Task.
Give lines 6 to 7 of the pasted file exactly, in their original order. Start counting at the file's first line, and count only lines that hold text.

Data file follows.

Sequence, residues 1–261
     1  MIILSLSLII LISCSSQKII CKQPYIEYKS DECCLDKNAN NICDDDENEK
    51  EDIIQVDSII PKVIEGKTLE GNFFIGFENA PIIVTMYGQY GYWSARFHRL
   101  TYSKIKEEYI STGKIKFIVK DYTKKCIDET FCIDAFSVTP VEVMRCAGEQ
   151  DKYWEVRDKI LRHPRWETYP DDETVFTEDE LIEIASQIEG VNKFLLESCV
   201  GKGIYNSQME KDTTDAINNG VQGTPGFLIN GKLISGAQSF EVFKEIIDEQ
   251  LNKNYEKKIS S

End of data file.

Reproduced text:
   201  GKGIYNSQME KDTTDAINNG VQGTPGFLIN GKLISGAQSF EVFKEIIDEQ
   251  LNKNYEKKIS S